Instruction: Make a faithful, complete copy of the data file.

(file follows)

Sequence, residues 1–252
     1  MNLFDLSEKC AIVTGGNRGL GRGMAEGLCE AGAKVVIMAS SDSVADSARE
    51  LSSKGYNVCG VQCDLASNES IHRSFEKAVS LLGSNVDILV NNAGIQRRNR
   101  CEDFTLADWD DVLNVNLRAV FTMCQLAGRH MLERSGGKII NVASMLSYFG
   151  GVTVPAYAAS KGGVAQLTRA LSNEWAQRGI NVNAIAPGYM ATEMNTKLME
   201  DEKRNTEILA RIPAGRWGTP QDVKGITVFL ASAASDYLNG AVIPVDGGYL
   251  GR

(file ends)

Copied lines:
Sequence, residues 1–252
     1  MNLFDLSEKC AIVTGGNRGL GRGMAEGLCE AGAKVVIMAS SDSVADSARE
    51  LSSKGYNVCG VQCDLASNES IHRSFEKAVS LLGSNVDILV NNAGIQRRNR
   101  CEDFTLADWD DVLNVNLRAV FTMCQLAGRH MLERSGGKII NVASMLSYFG
   151  GVTVPAYAAS KGGVAQLTRA LSNEWAQRGI NVNAIAPGYM ATEMNTKLME
   201  DEKRNTEILA RIPAGRWGTP QDVKGITVFL ASAASDYLNG AVIPVDGGYL
   251  GR